Gulliver’s Travels meets carbon reduction targets (apologies to satirist J Swift)
17th Aug 2020
In a faraway land, Government bureaucrats were trying to get consumers to change their behaviour. They wanted more vegetables consumed and less red meat. They argued that red meat production and consumption was not compatible with meeting global carbon reduction targets. They also argued that vegetables were good for the consumer, because they were lower carbon.
Unfortunately for these bureaucrats, consumers liked the choice of what they wanted to eat. Indeed, 85 per cent of all consumers liked to eat red meat – not all the time, but when they wanted to. The bureaucrats were busy trying to find ways to encourage that 85 per cent to change their behaviour, so they came up with a great idea. Let’s fine the butcher if they keep selling red meat and they don’t sell as many vegetables as the bureaucracy demands.
Now the butcher responded by saying they don’t sell vegetables because consumers go to a greengrocer for that. But this didn’t stop the clever thinking of Government. If the butcher can’t sell vegetables, we fine them. The only way the way they escape the fine is to force the consumer to eat the vegetables by giving them away for free or very cheaply.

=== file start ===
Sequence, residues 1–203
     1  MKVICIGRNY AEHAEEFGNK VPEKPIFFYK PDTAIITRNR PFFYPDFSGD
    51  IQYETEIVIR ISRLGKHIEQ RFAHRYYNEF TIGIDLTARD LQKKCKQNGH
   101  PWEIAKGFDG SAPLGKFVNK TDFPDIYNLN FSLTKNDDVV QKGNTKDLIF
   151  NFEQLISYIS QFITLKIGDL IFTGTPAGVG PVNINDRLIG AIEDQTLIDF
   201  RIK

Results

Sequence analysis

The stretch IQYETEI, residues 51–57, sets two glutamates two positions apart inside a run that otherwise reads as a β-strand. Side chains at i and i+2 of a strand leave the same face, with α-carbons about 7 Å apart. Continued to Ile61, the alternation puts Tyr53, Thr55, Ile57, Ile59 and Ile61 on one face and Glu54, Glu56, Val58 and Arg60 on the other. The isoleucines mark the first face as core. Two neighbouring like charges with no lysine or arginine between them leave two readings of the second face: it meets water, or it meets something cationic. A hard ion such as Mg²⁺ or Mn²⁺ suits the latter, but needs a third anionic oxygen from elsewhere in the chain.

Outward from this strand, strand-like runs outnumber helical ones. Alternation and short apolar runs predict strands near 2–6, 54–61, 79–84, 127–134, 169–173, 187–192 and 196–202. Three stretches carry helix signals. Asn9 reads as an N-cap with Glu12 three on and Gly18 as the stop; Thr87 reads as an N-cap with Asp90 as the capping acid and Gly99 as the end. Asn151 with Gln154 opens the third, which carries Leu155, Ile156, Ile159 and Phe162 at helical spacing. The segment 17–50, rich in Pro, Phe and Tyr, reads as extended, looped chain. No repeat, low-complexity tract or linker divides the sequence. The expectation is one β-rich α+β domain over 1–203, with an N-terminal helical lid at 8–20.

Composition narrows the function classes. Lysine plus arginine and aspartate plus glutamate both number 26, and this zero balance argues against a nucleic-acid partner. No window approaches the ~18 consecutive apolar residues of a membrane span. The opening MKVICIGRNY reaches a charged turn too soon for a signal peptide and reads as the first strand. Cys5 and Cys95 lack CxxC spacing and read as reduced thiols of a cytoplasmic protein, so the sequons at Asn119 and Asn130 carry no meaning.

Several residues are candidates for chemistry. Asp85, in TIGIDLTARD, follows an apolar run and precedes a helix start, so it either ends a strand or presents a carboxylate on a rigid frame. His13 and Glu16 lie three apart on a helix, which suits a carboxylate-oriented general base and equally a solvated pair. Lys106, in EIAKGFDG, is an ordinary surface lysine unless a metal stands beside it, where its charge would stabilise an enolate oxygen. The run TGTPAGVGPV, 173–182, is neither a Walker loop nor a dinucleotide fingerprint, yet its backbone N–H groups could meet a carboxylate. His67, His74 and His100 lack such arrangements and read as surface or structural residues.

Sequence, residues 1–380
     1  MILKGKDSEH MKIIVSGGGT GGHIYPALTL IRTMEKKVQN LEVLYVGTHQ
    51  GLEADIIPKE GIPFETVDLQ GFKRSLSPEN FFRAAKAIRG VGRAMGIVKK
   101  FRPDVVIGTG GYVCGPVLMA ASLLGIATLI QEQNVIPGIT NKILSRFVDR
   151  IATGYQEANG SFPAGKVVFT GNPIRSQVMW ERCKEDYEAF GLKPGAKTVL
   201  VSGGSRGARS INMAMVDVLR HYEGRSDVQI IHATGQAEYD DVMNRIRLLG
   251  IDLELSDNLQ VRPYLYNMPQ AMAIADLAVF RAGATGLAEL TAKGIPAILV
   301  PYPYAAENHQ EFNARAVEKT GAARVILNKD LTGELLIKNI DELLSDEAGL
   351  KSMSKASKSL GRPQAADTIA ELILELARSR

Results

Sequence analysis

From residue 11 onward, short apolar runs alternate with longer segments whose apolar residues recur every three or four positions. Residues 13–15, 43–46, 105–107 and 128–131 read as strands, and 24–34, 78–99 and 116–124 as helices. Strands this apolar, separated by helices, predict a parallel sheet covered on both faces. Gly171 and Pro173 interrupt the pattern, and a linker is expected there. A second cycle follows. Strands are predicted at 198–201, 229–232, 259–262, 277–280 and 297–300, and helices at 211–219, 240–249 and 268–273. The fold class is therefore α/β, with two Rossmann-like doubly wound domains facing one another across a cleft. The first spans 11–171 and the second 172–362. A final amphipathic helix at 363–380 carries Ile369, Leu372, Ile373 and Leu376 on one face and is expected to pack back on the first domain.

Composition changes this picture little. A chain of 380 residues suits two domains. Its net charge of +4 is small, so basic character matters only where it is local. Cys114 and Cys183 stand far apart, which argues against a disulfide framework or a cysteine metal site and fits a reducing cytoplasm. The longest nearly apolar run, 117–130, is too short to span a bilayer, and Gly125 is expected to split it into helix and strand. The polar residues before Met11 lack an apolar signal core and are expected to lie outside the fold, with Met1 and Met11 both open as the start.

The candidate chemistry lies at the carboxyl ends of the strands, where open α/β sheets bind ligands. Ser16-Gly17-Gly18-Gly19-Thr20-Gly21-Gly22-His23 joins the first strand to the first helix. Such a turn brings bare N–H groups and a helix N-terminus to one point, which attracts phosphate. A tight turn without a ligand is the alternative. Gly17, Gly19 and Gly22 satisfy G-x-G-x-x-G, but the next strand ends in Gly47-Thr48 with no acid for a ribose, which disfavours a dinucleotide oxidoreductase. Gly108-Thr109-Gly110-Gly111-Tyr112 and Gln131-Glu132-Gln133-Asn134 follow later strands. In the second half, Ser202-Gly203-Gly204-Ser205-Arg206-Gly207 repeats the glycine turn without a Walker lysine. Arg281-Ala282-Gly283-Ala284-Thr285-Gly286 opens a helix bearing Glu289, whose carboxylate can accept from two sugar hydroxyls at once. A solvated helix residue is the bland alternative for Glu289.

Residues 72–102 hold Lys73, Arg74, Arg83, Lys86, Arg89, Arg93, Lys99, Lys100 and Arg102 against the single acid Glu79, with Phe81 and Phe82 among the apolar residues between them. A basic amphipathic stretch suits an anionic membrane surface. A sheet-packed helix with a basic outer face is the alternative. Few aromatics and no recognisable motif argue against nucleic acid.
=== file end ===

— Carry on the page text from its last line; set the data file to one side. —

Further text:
The butcher then asked what type of vegetable? It didn’t matter to the bureaucrats, clearly thrilled that their idea was working. So the consumer could have the least attractive, poorest quality veg supplied by the butcher (who didn’t produce them locally but bought them overseas) and that would satisfy the Government target, even if it left the consumer hungry and the butcher making some of his staff redundant.
What was worse for the butcher, is that they had spent a considerable sum creating red meat that could be produced and consumed that was low carbon. The consumer wouldn’t notice the difference in taste or how it was cooked. The butcher asked if they could prevent being fined if they sold this low carbon red meat instead of vegetables. I know, you’re thinking that seems sensible but the bureaucrats hadn’t thought about this before, so said no. They wanted consumers to only eat vegetables, in doing so, they lost sight of what the problem really was. Is it carbon reduction or did they just not like red meat?
*Any similarities between this tale and conversations BEIS may have had about gas boiler manufacturers having to sell heat pumps, is of course a total coincidence … or is it?
Mike Foster, CEO
EUA's Chief Executive
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